You missed the point, what is tedious is that my physics classes take time to even consider how to do the algebra instead of focusing on physics. Like computationally how to solve a system of equations, not for example the consequences of the formula. Any derivation that requires a good use of calculus is usually ignored since the class wouldn't understand it, etc.
  14. Sep 25, 2009 #13
    That's your part of the studies to do both of these things. It's not ignored because
    the class wouldn't understand it, it's left out because they want to see that you can manage this
    by yourself. We didn't get anything in the lectures close to the problems we should solve.

    I felt the exact same way when I was at that stage. Our calculus stuff was always late compared to our physical development, so it was often very boring. They only show you the easy
    calculations. It's like in advanced textbooks, the proof is left to the reader.

    Is that your problem ?

    If not, then I would go ahead and try to take an exam at a university for more
    talented people. If you're really very much above that level there will always be
    a place where you can do more advanced work.
  15. Sep 25, 2009 #14
    Again, I appeciate the feedback but I think your missing the point that at my school, we avoid more difficult stuff because it is swept under the rug and not because we are to figure it out on our own. Of course I do figure it out on my own but I am just frustrated at how the in class session are essentially pointless. More often than not it would just be the same people asking the same basic questions over and over again. For example it took us about 10 tries of explaining how to derive the work done along an isotherm of an ideal gas, because most of the class didn't understand the calculus parts.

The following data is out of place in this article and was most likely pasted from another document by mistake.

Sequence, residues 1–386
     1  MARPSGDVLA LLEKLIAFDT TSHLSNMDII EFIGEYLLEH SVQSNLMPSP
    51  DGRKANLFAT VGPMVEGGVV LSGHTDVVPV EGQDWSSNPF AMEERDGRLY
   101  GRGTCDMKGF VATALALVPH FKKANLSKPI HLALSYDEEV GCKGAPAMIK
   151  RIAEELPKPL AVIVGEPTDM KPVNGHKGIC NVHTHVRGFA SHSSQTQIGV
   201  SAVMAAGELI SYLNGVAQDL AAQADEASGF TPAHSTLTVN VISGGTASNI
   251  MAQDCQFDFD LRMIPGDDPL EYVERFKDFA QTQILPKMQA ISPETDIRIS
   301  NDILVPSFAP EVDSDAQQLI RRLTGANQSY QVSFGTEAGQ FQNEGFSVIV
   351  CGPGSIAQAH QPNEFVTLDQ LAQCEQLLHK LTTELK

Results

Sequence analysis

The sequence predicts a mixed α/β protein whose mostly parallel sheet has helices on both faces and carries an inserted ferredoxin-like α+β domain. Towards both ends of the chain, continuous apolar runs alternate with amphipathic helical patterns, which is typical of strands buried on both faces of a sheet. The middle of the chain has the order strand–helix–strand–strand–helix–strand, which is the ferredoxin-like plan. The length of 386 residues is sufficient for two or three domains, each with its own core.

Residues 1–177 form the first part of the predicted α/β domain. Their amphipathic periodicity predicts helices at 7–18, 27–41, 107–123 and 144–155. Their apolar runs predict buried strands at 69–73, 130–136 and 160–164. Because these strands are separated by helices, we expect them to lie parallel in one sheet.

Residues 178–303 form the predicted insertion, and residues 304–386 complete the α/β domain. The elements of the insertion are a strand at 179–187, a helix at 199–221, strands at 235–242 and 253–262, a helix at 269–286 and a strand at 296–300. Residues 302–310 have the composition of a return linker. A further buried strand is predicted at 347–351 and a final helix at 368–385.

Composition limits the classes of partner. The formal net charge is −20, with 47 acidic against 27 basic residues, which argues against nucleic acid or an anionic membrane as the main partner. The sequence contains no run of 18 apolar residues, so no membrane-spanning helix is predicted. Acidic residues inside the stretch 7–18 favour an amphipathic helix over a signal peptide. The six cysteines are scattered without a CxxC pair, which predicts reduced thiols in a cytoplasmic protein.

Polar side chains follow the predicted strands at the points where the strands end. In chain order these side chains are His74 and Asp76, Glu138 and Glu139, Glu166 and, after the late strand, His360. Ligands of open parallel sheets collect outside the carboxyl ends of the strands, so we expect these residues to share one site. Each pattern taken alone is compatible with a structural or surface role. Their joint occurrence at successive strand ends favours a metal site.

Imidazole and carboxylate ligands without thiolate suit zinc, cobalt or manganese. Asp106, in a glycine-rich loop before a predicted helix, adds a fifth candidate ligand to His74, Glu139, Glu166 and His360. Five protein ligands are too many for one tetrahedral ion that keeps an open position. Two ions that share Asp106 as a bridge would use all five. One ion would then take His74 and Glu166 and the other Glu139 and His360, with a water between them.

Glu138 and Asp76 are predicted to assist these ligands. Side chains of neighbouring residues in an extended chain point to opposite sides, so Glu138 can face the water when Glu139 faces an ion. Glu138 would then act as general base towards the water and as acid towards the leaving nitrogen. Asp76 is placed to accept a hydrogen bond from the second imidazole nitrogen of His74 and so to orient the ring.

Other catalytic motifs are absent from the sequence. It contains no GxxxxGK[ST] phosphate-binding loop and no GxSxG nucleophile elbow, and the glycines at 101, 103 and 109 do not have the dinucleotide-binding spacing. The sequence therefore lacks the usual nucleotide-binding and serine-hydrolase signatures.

16. Sep 25, 2009 #15

    never mind.
  17. Sep 25, 2009 #16
    One suggestion that I can tell you is to wait until upper division math/physics courses, and it might change a bit. Usually, the introductory courses like your physics class usually have a good amount of students who can't keep up. Eventually, they will leave before they advance to the next level, so your next professor might demand from you a little bit more than your current one (hopefully). I'm no physics major, but that seems to be the case for most departments in most schools.

    Also, as everybody suggests, you should keep your grades high, and show your professors that you are different from the other students in class. If your professor sees it, you might get a research position from that professor.
  18. Sep 25, 2009 #17


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    That's my interpretation. If they are still letting half the class or more fail, then these are just the weed out courses before you get to the real ones. I also agree with the points made above that if you're not getting the material covered in class, if it's in the textbook, you can still go ahead and learn it on your own. University comes with a good deal of self-directed learning, not just spoon-feeding. If you spent all that money on a textbook, use it.